Car reviews - Subaru - Impreza - WRX range
8 Sep 2010
By JAMES STANFORD
SUBARU has overhauled its turbo Impreza range in a bid to boost sales by about 30 per cent.
It has taken a punt by bringing WRX and the WRX STI closer while making them both more easily differentiated from the non-turbo Imprezas.
The wide body of the previous STI hatch is now being shared with the cheaper WRX, while a new wide-body sedan has been introduced as both a WRX and an STI.
Subaru Australia managing director Nick Senior denied the company risked diluting the STI brand with the styling similarities.
“What we are trying to do is harness the power of two iconic brands, one WRX and one WRX STI,” he said.
“They have the same identity, different DNA to create a performance channel.”
Mr Senior added that the STI brand was sufficiently strong for enthusiasts to spot the STI badge and realise that is was different to a regular WRX.
Even so, Subaru has given the STI sedan a boy-racer design cue after trying to distance itself from this group with the previous model, by fitting the STI sedan with what it describes as a ‘massive’ boot-mounted spoiler. The WRX sedan gets a more sedate boot-lid spoiler.
Subaru Australia says it expects strong demand for the sedan version of the STI, which has been missing since the new model was introduced in 2008, and tips that it will account for about 70 per cent of STI sales.
In another boost for STI sales, Subaru Australia is finally introducing an optional automatic transmission, which has been available in Japan, for the first time.
Subaru Australia tips that 70 per cent of STI customers will choose the automatic, which is a regular five-speed torque-converter transmission instead of the more advanced dual-clutch automatic available in the STI’s arch rival, the Mitsubishi Lancer EVO.
The improvements for both the WRX and STI will not cost extra, with Subaru keeping the price for the entry level WRX pegged at $39,990 – the same price as at its initial launch in Australia in 1994.
In the case of the STI, Subaru has hacked $2000 off the price, which now stands at $59,990.
Engines are unchanged except in the case of the STI which a revised torque map.
Both the WRX and STI run a 2.5-litre turbocharged four-cylinder boxer engine with a top-mounted intercooler, but the WRX has variable valve timing only on intake camshafts.
The WRX’s peak power is 195kW at 6000rpm and 343Nm at 4000rpm. It is available only with a dated five-speed manual transmission that affects fuel consumption at highway speeds.
Subaru Australia says it is important to maintain a point of difference between the WRX and the STI which is available with a six-speed manual.
The STI’s engine runs variable valve timing on intake and exhaust valve, a different compression ratio and more boost. Power output stands at 221kW at 6200rpm for both the manual and automatic versions.
The engine generates 407Nm of torque at 4000rpm, while the automatic generates 57Nm less torque, but can do so through a wider range from 3000rpm through to 6000rpm.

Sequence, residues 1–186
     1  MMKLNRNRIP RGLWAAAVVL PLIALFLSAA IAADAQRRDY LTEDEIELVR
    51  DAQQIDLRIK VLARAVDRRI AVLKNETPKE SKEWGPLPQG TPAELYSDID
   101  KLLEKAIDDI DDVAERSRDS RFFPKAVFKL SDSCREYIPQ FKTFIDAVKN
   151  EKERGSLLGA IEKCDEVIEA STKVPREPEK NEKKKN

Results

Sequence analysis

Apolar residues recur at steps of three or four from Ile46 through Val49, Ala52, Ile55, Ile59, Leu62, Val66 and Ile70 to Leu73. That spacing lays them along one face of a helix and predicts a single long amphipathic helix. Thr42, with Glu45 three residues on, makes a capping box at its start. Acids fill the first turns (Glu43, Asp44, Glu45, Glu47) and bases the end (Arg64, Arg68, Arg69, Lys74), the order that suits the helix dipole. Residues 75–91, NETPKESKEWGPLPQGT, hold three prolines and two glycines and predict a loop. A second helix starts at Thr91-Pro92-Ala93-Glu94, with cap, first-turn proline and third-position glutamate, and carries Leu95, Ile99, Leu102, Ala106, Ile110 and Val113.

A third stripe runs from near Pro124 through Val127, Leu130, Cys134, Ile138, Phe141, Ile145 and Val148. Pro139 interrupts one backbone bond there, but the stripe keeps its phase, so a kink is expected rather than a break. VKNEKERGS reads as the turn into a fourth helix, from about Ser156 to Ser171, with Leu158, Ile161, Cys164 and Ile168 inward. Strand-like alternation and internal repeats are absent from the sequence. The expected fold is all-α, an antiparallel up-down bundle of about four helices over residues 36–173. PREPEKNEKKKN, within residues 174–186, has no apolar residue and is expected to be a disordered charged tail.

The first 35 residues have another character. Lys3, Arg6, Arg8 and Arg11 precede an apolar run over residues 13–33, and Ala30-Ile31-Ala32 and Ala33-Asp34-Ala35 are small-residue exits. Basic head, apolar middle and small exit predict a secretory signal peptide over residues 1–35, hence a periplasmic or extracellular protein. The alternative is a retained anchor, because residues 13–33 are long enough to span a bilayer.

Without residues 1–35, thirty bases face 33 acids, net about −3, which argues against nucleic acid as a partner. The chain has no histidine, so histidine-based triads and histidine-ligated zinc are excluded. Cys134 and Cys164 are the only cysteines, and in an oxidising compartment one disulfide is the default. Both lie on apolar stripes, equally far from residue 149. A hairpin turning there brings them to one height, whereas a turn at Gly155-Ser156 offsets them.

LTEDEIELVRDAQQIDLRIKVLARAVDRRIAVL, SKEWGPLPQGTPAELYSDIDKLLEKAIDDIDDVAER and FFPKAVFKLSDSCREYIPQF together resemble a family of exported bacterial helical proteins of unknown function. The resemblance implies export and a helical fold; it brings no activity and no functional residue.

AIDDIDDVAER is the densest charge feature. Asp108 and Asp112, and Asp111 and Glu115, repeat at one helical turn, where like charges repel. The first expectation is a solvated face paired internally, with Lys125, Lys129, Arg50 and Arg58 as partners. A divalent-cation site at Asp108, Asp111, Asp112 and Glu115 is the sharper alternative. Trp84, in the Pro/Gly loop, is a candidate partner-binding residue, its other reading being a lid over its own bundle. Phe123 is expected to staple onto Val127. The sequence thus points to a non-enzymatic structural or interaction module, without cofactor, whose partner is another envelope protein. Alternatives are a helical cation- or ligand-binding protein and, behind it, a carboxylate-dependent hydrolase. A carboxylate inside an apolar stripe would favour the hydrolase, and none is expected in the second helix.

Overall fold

There are some other changes for the automatic STI which has a mechanical centre differential that runs a torque split of 45 per cent front and 55 per cent rear. It also runs an open-front differential and a viscous rear limited slip differential (LSD).
The manual STI uses an electronically controlled centre differential, the ultra complex Driver Controlled Centre Differential, as well as a helical front LSD and a Torsen rear LSD.
Drivers can change gear themselves with the automatic transmission by using the regular shifter or by operating the rally-inspired paddles behind the steering wheel.
Subaru has also taken the opportunity to improve the suspension set-up of the STI after testing spring and damper rates in Australian conditions.
The suspension is 5mm lower, the spring rate has been increased, the damping has been revised and there are thicker front and rear stabiliser bars.
Subaru has also added new aluminium lower arms to the front suspension, while the rear suspension subframe has been revised.
The STI has new Enkei 18-inch rims as standard, with are a combined 7.2kg lighter than those they replace and there are also new stainless steel exhaust tips.
There is also a darker instrument panel and door trim as well as Bluetooth and a USB jack.
The front bumper has been revised with air vents to help cool the brakes.
Pricing for the STI kicks off at $59,990 for the both the sedan and hatch and there is no price difference between the manual and automatic.
For an extra $6000, customers can upgrade to the Spec R with leather seats, even lighter BBS alloy wheels, satellite navigation and sunroof. The leather seats can also be swapped for sportier Recaro seats for another $1000.
The WRX not only scores a bold new look, thanks to the muscular new wide body, but also inherits the road-holding improvements that come with having a greater footprint. Its track is wider by 35mm at the front and 40mm at the rear, and tyre width has grown 10mm.
The WRX sits on 17-inch alloy wheels painted in gunmetal grey, while the rear suspension has revised sub-frame bushings and the front brakes have been upgraded with 16-inch callipers.
It also now gets the same four tail pipe exhaust set-up as the STI.
The sedan and hatch WRX both cost $39,990, while an upgraded model with satellite navigation, leather seats and a sunroof costs an extra $4000.
Both the WRX and STI come with a five-star ANCAP crash test rating, electronic stability control and front, side and curtain airbags. All have an alarm and DataDot tracing technology.
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